After posting career numbers, leading the league in ERA, innings pitched and being one behind the lead in strikeouts, a pitcher can be reasonably called the best in the league. Today, baseball writers across the nation agreed with that statement. In a stunning victory, Felix Hernandez won the 2010 AL Cy Young despite the fact that he only had a 13-12 record.
Two days ago, Roy Halladay won a unanimous victory in the NL Cy Young race, becoming one of less than 10 pitchers to accomplish such a feat. Halladay's election was easy: he led the league in virtually all major statistical categories, and won 21 games—one of those being a perfect game (the voting occurred before his no-hitter in the postseason).
Hernandez’s stats were equally impressive; unfortunately he plays for the anemic Seattle Mariners, who garnered him only a 13-12 record. To give an idea of how unfair such a categorization is: Hernandez lost nine games in which he allowed two runs or less.
On almost any other team, he would have easily won 20 games—but the Mariners were, by more than 100 runs, the worst offense in the AL. His .520 winning percentage was nearly 20 basis points higher than his team.
He had the second-lowest WHIP in the league behind only former teammate Cliff Lee at 1.06. Likewise, he was second in the league (also behind Lee) with six complete games. He led the league with a 63.4 average game score, and was among the league leaders in all Sabermetric stats.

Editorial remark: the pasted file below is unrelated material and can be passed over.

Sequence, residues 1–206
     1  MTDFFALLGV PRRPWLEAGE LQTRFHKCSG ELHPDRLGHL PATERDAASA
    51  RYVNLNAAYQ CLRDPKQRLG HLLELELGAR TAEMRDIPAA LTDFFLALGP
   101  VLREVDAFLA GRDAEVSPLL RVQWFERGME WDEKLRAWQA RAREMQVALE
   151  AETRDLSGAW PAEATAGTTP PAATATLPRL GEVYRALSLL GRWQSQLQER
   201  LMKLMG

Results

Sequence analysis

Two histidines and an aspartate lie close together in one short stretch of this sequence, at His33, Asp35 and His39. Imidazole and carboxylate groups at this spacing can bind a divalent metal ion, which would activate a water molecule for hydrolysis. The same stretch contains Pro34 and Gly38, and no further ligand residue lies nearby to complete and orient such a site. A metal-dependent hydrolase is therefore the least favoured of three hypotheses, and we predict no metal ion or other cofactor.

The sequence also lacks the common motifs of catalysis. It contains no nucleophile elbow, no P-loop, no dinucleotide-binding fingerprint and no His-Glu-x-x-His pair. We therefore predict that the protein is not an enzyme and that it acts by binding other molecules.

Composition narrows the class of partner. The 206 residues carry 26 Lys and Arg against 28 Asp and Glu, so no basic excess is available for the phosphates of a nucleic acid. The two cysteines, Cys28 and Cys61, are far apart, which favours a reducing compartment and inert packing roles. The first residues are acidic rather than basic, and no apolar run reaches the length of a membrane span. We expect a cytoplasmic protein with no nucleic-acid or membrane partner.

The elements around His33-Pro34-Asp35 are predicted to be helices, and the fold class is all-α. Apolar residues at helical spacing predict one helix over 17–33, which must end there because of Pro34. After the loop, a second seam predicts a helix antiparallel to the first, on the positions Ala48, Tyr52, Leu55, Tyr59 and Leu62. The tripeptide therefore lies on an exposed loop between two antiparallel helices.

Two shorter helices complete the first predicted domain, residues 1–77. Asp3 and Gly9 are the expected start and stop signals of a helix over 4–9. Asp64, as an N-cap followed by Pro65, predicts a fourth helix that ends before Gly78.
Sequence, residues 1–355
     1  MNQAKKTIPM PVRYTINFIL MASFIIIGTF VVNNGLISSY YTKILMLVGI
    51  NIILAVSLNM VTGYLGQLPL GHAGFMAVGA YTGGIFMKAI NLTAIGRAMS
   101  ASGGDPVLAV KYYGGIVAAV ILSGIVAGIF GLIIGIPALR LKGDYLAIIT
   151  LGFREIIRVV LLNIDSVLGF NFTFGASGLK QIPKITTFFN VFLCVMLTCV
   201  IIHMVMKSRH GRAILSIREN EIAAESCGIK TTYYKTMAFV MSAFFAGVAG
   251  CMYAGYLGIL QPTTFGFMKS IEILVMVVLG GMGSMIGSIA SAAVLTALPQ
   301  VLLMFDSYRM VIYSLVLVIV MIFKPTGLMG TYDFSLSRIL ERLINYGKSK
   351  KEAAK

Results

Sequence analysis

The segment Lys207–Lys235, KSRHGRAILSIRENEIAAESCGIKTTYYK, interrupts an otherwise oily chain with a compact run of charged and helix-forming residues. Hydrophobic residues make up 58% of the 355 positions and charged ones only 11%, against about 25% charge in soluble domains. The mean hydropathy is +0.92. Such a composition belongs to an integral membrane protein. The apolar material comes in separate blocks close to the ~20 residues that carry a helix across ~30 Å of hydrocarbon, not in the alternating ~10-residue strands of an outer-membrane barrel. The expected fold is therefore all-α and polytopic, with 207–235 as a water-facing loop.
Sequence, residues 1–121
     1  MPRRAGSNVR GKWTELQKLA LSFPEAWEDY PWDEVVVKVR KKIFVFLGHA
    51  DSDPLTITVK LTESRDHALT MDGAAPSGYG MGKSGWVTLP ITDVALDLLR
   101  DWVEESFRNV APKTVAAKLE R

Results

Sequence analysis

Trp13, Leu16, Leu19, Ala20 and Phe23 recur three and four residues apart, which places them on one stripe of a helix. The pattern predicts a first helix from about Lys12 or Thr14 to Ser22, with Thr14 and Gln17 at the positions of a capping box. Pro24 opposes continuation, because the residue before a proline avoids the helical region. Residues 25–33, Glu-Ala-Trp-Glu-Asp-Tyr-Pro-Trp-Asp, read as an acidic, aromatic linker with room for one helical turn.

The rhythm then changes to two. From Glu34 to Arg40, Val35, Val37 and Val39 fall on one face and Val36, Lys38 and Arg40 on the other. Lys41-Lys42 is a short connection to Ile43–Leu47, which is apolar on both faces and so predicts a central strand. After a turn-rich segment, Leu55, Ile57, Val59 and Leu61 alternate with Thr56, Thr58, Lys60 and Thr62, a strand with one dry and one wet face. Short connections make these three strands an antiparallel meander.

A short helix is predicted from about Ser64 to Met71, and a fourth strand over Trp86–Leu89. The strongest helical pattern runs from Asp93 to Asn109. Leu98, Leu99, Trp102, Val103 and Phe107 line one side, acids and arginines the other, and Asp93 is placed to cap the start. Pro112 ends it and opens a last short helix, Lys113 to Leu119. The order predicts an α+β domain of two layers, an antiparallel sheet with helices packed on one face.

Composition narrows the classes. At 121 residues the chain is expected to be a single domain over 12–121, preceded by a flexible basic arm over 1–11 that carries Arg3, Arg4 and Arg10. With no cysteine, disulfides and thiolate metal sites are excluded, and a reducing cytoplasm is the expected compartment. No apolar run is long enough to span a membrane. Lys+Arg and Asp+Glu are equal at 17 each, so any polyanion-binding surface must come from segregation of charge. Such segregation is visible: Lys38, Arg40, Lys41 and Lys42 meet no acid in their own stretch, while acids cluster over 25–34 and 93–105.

Should Felix Hernandez have won the 2010 AL Cy Young Award?
This continues the trend that began last year: a pitcher's individual performance is valued above what his team contributes. Last year, Zack Greinke and Tim Lincecum won their respective Cy Young awards despite low win totals. But this year, baseball writers made a huge step forward, picking the best pitcher in the AL despite a lack of wins.
Hernandez is only 24 years old, and has already won 73 games. He has over 1,000 strikeouts and a career 3.20 ERA. Each year, his ERA has been falling, with it ending at 2.49 last year. He could not beat out Greinke’s stellar year (which was among the greatest of all time), but certainly made a strong case for himself. This year, Hernandez lead the league in ERA at 2.27, a remarkable number.